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Good quality insulation is one of the keys to an energy efficient home. One can use most any of the commonly available insulation types out there from fiberglass batts, cellulose, recycled blue jeans, blown in fiberglass, blown-in-blanket, to spray-foam insulation. The main thing is to ensure every nook and cranny is filled with insulation and there are no voids for air circulation. One of the major details to make insulation most effective is to ensure the cavity where the insulation is to reside is air tight.  Any insulation that is porus (including open-cell spray foam) will suffer degration in performance if air is allowed to enter and exit the wall cavity.  Spray-foam and blown in products typically do a much better job of totally filling the insulation cavity, but with good cavity air sealing and attention to detail, other insulation products can be used successfully as well.

The climate zone where you live will influence the amount of insulation that you may need to use. It may also require that you use 2x6 exterior wall framing and/or continuous insulation to achieve the necessary R-value required for your particular zone. To find out what zone you are in and what are the current insulation requirements visit:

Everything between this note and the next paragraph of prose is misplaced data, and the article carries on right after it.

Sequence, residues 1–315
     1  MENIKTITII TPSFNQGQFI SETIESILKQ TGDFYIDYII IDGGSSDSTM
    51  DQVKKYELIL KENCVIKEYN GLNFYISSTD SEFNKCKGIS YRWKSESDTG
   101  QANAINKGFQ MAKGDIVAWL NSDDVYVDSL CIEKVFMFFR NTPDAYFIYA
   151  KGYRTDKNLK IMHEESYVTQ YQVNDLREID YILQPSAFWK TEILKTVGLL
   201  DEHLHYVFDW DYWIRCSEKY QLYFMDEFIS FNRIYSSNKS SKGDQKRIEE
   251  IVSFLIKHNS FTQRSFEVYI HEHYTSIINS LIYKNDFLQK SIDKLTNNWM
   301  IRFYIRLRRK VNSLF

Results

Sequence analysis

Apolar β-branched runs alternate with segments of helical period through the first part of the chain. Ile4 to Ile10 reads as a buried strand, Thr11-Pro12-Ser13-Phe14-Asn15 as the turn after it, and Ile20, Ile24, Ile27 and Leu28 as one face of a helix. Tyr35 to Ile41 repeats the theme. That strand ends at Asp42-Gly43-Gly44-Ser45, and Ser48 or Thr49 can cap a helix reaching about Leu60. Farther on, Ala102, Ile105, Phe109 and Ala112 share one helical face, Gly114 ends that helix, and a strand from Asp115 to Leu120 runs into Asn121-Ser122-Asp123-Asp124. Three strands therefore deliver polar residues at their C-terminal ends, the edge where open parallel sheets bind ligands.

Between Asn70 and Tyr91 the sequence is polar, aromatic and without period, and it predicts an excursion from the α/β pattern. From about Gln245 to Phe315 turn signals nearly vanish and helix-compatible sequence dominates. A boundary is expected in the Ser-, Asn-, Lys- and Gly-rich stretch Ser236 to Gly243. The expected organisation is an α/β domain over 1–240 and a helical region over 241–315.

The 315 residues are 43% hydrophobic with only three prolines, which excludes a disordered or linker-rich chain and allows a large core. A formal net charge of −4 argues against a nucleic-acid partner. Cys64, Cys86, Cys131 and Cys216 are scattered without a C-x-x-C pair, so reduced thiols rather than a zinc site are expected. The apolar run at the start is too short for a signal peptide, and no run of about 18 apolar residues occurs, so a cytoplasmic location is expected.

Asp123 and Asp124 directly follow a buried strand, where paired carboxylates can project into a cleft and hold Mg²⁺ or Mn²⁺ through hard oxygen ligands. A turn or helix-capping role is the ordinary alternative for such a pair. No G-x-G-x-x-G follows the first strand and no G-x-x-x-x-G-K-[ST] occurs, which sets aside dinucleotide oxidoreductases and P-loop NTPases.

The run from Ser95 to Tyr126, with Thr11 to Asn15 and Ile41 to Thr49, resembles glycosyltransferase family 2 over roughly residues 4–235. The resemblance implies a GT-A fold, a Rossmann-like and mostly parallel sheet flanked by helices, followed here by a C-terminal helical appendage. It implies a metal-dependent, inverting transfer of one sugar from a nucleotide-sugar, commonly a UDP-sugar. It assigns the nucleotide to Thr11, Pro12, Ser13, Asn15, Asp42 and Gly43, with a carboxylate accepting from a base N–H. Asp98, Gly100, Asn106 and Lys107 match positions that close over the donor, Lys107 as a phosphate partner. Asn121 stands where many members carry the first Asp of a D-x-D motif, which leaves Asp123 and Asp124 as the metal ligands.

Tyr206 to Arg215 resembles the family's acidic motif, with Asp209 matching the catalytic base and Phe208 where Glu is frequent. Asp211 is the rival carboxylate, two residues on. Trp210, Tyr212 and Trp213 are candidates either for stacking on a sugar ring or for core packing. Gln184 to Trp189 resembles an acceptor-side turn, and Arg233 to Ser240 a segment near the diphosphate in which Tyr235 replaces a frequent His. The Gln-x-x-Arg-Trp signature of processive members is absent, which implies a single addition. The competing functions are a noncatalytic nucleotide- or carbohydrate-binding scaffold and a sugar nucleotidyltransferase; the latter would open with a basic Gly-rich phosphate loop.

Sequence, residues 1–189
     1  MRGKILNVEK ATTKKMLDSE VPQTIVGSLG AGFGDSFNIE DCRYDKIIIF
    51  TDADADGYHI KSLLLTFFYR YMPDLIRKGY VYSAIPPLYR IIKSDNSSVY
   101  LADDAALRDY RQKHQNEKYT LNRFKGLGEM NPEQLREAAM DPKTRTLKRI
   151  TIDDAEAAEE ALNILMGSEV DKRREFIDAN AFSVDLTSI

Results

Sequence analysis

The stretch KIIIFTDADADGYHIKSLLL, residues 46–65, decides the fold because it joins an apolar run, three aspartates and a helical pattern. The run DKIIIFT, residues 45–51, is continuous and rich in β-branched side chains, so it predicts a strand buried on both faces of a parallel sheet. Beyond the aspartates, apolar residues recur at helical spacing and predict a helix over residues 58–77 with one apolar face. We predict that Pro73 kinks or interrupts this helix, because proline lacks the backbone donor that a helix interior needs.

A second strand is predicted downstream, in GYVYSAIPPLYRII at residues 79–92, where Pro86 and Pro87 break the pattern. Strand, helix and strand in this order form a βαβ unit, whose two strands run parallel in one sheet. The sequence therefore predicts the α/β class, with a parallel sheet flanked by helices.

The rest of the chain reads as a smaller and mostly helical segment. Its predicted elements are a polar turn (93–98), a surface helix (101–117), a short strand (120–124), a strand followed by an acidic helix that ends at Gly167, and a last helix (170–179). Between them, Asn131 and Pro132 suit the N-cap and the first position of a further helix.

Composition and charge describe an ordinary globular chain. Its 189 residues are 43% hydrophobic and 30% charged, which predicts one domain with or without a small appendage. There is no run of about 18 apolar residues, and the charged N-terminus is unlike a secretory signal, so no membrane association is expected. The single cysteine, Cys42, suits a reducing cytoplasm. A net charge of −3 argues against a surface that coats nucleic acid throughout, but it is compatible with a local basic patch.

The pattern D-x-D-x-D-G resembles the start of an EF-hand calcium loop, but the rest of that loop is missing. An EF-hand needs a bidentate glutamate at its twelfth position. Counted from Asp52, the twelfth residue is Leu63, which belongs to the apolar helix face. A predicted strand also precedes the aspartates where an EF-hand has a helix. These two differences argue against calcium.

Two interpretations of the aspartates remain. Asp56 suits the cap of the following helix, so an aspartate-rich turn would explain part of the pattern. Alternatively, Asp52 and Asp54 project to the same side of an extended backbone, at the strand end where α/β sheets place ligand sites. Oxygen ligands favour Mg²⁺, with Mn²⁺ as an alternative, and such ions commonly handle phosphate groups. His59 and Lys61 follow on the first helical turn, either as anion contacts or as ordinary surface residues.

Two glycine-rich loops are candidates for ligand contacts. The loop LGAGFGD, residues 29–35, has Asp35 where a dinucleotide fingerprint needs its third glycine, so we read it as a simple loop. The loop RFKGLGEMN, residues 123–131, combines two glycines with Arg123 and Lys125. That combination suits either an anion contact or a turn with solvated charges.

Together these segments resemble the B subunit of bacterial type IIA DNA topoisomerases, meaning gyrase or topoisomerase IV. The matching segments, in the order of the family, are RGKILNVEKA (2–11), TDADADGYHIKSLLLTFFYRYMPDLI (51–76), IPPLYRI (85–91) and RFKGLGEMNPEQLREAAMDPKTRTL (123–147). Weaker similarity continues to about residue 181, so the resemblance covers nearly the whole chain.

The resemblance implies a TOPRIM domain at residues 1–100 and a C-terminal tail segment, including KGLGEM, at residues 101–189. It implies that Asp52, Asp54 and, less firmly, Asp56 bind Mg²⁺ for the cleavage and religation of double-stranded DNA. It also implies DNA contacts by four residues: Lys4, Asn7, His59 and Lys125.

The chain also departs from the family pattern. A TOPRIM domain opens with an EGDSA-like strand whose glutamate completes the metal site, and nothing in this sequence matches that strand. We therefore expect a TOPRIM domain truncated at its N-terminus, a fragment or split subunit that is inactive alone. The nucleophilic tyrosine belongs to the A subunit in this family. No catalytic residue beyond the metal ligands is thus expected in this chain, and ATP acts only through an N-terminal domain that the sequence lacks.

The 2012 IRC building code states, for our area in Mason Texas, the cavity insulation must be R-20 or R-13 with an additional R-5 of continuous rigid insulation.  That means that if we choose not to have continuous insulation, then 2x6 exterior walls must be used.  But we can use 2x4 walls with R-13 insulation and 1" (R-5) of rigid insulation on the exterior.  Attic insluation is to be R-38.  There is clause to allow you to calculate an equivalent insulation (note this is not Effective R-value as stated by some insulation vendors).  For example if you wanted to put 1 1/2" continuous insulation on the roof deck and apply spray foam insulation to the underside of the roof deck, then one can calculate the required depth of spray foam to get the same net effect.